The pandemic in Russia and the bankruptcy of national-chauvinist politics

The pandemic continues to exact a terrible toll in Russia. Since the invasion of Ukraine, efforts to contain the spread of COVID-19 have been abandoned. This essay has been submitted to the World Socialist Web Site by the Young Guard of Bolshevik Leninists, an organization of Trotskyist youth in Russia.

On Tuesday, July 19, the Rospotrebnadzor press service reported the detection of the new Omicron BA.2.75 subvariant in five people in Russia. The press service wrote, “The material was sampled in July. The material was collected in the city of Moscow. The disease had a mild form in all the patients. There are no hospitalized patients.”

Previously, this heavily mutated Omicron subvariant has been found in India, Australia, Germany, Great Britain, the United States, Canada and the Netherlands. With the Omicron BA.5 subvariant currently dominant in Russia and throughout the world, it is difficult to say whether this new BA.2.75 subvariant can be considered particularly dangerous, capable of causing another wave of coronavirus around the world. What is certain, however, is that Russia’s health system is unlikely to be able to continue to withstand blow after blow from the pandemic.

According to official figures, which are significant undercounts, the pandemic has already killed about 382,000 people in Russia. Estimates of excess deaths place the real death toll in Russia above 1.2 million, among the highest per capita excess death rates in the world.

Over the past few weeks, there has been a gradual increase in the number of official cases, typical of all initial periods of coronavirus waves, indicating a real threat of a new pandemic wave in the coming weeks and months. Since reaching a trough on July 1, the seven-day average of daily new cases has risen by 79 percent, from 2,941 to 5,264. Genomic sequencing data from Russia is only available through July 4, but by that point the Omicron BA.5 subvariant already accounted for 33 percent of all cases and likely became dominant the following week and is fueling the current rise in cases.

Medics wearing special suits to protect against coronavirus treat patients with coronavirus at an ICU of a hospital in Volgograd, Russia, Sunday, Nov. 21, 2021. (AP Photo/Alexandr Kulikov)

Officially, roughly 18.5 million people have been infected with COVID-19 in Russia, also known to be a vast undercount. As is the case globally, the health care system has been under constant pressure for the past two-and-a-half years. Amid this deepening crisis, the Putin regime is gradually changing its own propaganda. It is increasingly ignoring the issue of the pandemic, bringing to the fore the “special military operation” in Ukraine, where Russia is not only waging a war against Ukraine, but also a proxy war against the US-NATO powers.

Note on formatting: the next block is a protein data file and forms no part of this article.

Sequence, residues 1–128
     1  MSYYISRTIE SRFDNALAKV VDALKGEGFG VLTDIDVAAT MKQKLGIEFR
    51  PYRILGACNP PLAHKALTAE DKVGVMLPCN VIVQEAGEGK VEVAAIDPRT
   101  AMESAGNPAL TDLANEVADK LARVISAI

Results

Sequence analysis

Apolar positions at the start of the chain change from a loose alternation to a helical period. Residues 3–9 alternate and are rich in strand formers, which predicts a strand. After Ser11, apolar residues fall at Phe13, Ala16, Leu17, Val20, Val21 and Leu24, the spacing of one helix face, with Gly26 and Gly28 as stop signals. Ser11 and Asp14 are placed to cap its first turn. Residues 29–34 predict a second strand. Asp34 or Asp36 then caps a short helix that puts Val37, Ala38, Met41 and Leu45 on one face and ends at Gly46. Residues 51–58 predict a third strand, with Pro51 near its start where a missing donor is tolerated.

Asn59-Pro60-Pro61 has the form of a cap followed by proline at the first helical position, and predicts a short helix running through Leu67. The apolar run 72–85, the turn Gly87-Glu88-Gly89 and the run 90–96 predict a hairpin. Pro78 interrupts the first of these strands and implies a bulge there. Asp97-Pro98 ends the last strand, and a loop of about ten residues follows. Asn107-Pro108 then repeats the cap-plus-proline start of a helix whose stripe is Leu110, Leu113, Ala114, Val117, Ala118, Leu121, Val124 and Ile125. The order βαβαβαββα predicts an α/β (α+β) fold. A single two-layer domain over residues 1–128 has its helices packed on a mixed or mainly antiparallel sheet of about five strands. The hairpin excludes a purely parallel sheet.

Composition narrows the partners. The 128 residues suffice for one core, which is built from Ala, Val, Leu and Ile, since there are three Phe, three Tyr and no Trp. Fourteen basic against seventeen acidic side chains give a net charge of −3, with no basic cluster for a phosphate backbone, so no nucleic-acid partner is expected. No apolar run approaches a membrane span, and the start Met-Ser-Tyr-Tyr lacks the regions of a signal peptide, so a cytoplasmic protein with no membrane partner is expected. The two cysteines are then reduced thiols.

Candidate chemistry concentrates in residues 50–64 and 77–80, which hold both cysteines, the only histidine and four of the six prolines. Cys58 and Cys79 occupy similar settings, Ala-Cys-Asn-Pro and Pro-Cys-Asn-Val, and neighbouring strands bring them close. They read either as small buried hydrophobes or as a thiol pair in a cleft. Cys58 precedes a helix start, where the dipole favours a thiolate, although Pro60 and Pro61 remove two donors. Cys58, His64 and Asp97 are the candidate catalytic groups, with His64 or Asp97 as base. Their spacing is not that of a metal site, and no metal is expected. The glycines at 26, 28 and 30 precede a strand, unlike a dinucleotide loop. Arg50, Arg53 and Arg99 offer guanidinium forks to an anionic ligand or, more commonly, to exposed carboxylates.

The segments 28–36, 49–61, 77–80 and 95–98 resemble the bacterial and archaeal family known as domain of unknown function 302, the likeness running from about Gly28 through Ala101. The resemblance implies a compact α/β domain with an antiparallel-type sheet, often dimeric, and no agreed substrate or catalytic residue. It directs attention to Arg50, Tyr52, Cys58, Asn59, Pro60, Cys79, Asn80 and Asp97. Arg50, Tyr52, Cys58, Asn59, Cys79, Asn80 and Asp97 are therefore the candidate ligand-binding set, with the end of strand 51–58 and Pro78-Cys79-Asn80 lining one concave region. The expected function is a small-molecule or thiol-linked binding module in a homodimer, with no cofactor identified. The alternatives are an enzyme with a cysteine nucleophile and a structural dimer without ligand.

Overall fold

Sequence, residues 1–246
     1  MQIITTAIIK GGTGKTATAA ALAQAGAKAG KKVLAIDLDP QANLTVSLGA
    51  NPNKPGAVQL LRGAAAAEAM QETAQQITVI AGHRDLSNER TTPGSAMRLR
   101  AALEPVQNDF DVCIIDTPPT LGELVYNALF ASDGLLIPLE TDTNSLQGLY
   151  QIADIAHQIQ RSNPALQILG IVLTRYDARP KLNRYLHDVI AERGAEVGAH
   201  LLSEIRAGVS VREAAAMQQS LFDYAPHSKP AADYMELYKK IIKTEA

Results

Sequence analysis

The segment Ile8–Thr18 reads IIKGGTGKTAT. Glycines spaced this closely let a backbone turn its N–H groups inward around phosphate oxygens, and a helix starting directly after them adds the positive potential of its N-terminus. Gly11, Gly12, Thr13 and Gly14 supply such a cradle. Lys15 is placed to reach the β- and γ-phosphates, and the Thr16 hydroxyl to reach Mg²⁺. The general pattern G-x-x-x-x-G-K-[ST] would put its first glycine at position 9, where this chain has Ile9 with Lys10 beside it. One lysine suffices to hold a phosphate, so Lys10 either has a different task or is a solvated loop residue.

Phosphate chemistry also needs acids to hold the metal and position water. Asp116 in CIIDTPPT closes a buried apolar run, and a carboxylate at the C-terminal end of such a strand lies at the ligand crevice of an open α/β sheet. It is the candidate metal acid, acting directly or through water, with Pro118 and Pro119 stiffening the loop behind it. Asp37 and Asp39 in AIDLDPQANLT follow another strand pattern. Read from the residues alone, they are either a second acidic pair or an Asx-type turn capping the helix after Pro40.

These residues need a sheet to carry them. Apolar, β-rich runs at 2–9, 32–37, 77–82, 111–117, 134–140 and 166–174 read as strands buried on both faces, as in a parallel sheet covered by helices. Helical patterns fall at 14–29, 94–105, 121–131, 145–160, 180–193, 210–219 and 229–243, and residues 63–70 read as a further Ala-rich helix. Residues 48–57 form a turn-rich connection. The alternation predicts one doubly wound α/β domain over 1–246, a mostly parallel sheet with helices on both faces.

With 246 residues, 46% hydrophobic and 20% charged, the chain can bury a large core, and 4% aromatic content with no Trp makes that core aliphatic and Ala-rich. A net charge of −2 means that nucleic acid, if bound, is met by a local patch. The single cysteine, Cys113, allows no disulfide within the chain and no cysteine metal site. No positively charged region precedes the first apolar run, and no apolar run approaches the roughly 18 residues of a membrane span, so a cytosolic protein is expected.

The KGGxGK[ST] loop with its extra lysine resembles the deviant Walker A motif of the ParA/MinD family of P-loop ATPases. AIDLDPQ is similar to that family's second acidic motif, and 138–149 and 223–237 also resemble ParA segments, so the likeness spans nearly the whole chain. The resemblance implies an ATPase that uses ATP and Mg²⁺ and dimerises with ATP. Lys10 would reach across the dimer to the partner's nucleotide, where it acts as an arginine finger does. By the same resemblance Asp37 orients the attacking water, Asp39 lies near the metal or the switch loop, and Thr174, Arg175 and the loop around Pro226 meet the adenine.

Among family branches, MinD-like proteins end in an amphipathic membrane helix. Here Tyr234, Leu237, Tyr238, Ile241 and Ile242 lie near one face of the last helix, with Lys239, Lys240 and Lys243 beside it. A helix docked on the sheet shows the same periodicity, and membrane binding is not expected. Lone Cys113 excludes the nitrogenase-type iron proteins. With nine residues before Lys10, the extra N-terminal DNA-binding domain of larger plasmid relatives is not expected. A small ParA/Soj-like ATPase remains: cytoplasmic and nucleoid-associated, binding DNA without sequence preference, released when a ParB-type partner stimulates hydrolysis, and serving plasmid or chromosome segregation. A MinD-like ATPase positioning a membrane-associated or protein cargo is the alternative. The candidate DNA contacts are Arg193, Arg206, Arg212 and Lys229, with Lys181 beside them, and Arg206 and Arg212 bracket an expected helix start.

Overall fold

According to Russia’s draft federal budget for 2022–24, Russia has no plans to increase spending on health care by 2024, while adopting a 7.1 percent and 8.5 percent increase in spending on “national security” and “national defense,” respectively.

It is possible that BA.5 or BA.2.75 could trigger a new pandemic wave. For the working class, the hard times of confronting a pandemic are once again approaching. The class struggle could deepen in tandem with the new wave, beginning with health workers and then spilling over to other sectors of the country’s economy.

While the COVID-19 pandemic presents ongoing dangers to millions of workers across Russia, the government of Russian President Vladimir Putin, as well as public scientists such as immunologist Vladislav Zhemchugov, have downplayed the severity of the threat to the population.

Zhemchugov has repeatedly made contradictory and revealing statements on the pandemic. It is around such personalities that the propaganda that coronavirus is now “safe” is built. In June of this year, commenting on the origins of the coronavirus, Zhemchugov provocatively stated that it is impossible to fully deny that it originated in the Wuhan Institute of Virology.

In April, according to Rambler, Zhemchugov claimed that Omicron would help “renew collective immunity.” Also, Zhemchugov stated that the Omicron variant would look for a new host instead of humans. As with official scientists internationally, including Drs. Ashish Jha and Anthony Fauci in the United States, Zhemchugov said that Omicron could supposedly cause the last wave of the pandemic. Most recently, he has decided to “correct” himself and expresses the position that the new wave will be the very “tail” of the pandemic.